Transgender Girls And Women Face Discrimination In Iowa

About trans sports ban was approved in Iowa.

A recent Iowa law serves as a stark reminder that transgender rights are increasingly being restricted in America.

Iowa House and Senate approved the trans sports ban

In Iowa, the controversial bill prohibiting transgender girls from participating in sports on teams that conform to their gender identity has sparked fierce debate across the state. The bill passed the House by a narrow margin of 55-39, and it was then approved by the Senate by a vote of 31-17.

While many people have voiced their opposition to this discriminatory measure, others have been quick to defend it. Critics of the bill argue that it unfairly limits the opportunities of transgender girls who simply want to take part in athletics just like everyone else. However, supporters of the bill claim that allowing these girls to compete would give them an unfair advantage over other players.

The new law, known as House File 2416, states “only female students, based on their sex, may participate in any team, sport, or athletic event designated as being for females, women, or girls,” “sex” being as written on a student’s birth certificate or adoption certificate “issued at or near the time of the student’s birth”.

For the Human Rights Campaign, an LGBTQ rights group in the United States, the recent passage of this discriminatory law in Iowa marks “a shameful moment in Iowa’s history.”

“With the stroke of her pen, and without even bothering to meet with transgender kids or their parents, Governor Reynolds has reversed years of progress and moved our state backward,” said JoDee Winterhof, the Human Rights Campaign’s senior vice president for policy and political affairs, in a statement.

Governor Kim Reynolds signed the bill

The bill signed into law by Governor Kim Reynolds took immediate effect in Iowa’s public elementary and secondary schools and universities.

Her decision was widely criticized by transgender people in the state, LGBTQ advocacy groups, and businesses.

When Becky Smith first heard that Iowa’s new governor, Kim Reynolds, was planning to sign the bill restricting trans rights into law, she knew she needed to take action. As the executive director of Iowa Safe Schools, Becky is dedicated to supporting transgender students across the state and ensuring their safety and well-being. So when she heard about the signing ceremony, she immediately decided that the best way to show her support would be by holding up the transgender flag at the event.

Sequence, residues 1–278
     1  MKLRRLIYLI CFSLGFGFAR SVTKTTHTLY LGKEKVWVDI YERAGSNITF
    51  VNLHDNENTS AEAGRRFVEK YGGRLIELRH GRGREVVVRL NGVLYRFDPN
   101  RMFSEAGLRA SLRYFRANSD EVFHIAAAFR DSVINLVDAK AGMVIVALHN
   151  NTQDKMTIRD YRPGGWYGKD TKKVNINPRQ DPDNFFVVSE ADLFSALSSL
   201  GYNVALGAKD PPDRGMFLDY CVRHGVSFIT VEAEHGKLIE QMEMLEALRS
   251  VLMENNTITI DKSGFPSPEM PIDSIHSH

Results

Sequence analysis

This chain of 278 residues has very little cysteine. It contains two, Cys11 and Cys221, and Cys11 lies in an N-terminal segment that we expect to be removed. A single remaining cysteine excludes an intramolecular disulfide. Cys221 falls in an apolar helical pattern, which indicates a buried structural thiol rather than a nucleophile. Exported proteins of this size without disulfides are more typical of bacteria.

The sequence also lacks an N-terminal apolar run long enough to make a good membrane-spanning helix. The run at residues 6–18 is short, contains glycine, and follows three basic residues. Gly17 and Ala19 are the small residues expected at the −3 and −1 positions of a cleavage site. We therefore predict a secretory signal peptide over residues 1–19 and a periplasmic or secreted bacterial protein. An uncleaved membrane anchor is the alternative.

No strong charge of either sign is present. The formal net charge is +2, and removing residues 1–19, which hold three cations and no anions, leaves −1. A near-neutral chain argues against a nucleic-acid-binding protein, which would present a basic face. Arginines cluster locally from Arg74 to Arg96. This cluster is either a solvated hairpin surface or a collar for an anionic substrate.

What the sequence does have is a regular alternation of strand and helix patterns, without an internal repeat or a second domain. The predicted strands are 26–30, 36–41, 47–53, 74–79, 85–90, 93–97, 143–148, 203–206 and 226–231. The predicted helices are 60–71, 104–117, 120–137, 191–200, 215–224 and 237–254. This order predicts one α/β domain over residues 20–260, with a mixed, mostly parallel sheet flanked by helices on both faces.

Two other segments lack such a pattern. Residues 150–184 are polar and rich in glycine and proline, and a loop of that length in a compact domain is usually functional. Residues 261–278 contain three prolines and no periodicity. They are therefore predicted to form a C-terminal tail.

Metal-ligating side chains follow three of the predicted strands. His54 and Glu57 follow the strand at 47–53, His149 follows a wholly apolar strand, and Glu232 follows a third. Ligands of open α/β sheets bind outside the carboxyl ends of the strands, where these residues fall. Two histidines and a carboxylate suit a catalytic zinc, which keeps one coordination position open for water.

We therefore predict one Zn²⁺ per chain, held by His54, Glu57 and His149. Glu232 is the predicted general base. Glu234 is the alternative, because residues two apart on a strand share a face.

And indeed, when Governor Reynolds gave her speech surrounded by cheering supporters, there stood Becky, proudly holding up a trans flag. At that moment, she was sending an important message not only to Governor Reynolds and her supporters but also to all members of Iowa’s trans community: that they are valued and loved; and that they are not going anywhere.

Executive director of Iowa Safe Schools Becky Smith raised a trans flag.

Becky Smith holding a transgender flag as Iowa Governor Kim Reynolds signs House File 2416 (Nick Rohlman/The Gazette via AP)

“It’s really just a reminder that transgender students matter, that they’re here, that they are not going anywhere,” Smith said. “And despite the fact that their rights are being infringed upon by the passage of this bill, we stand with them. We have not forgotten them, and the fight continues for LGBTQ youth across the state.”

It is heartbreaking to think that in this day and age, people are still being discriminated against solely because of who they are. Sadly, the recent passage of a bill by the Iowa state legislature is just one example of such discrimination.

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Tuesday, 28 May 2024